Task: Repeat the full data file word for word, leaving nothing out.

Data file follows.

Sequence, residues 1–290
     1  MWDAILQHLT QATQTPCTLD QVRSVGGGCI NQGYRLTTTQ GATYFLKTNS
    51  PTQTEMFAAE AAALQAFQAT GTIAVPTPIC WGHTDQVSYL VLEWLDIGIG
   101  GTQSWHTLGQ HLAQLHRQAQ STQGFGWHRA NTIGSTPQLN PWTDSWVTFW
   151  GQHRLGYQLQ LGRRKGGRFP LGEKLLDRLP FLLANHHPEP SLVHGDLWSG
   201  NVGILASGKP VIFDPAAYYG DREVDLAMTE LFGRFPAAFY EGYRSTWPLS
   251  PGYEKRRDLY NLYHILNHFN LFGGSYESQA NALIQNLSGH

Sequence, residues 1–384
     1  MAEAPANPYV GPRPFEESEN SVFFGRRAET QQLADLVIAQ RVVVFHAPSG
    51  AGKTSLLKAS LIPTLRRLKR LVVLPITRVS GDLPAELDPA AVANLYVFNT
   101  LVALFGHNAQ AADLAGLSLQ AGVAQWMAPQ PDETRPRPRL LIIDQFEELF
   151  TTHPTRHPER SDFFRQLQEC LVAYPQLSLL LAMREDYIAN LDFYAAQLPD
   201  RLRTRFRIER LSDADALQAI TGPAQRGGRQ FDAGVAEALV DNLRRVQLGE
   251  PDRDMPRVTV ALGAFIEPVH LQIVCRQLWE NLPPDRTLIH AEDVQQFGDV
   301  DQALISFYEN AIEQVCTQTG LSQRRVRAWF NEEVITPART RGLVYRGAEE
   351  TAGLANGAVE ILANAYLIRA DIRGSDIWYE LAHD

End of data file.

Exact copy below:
Sequence, residues 1–290
     1  MWDAILQHLT QATQTPCTLD QVRSVGGGCI NQGYRLTTTQ GATYFLKTNS
    51  PTQTEMFAAE AAALQAFQAT GTIAVPTPIC WGHTDQVSYL VLEWLDIGIG
   101  GTQSWHTLGQ HLAQLHRQAQ STQGFGWHRA NTIGSTPQLN PWTDSWVTFW
   151  GQHRLGYQLQ LGRRKGGRFP LGEKLLDRLP FLLANHHPEP SLVHGDLWSG
   201  NVGILASGKP VIFDPAAYYG DREVDLAMTE LFGRFPAAFY EGYRSTWPLS
   251  PGYEKRRDLY NLYHILNHFN LFGGSYESQA NALIQNLSGH

Sequence, residues 1–384
     1  MAEAPANPYV GPRPFEESEN SVFFGRRAET QQLADLVIAQ RVVVFHAPSG
    51  AGKTSLLKAS LIPTLRRLKR LVVLPITRVS GDLPAELDPA AVANLYVFNT
   101  LVALFGHNAQ AADLAGLSLQ AGVAQWMAPQ PDETRPRPRL LIIDQFEELF
   151  TTHPTRHPER SDFFRQLQEC LVAYPQLSLL LAMREDYIAN LDFYAAQLPD
   201  RLRTRFRIER LSDADALQAI TGPAQRGGRQ FDAGVAEALV DNLRRVQLGE
   251  PDRDMPRVTV ALGAFIEPVH LQIVCRQLWE NLPPDRTLIH AEDVQQFGDV
   301  DQALISFYEN AIEQVCTQTG LSQRRVRAWF NEEVITPART RGLVYRGAEE
   351  TAGLANGAVE ILANAYLIRA DIRGSDIWYE LAHD